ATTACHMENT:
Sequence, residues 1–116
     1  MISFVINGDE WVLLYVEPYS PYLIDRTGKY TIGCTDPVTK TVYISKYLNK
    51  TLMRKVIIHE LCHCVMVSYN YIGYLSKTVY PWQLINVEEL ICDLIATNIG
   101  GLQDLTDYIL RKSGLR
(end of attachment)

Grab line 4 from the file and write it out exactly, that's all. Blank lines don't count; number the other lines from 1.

   101  GLQDLTDYIL RKSGLR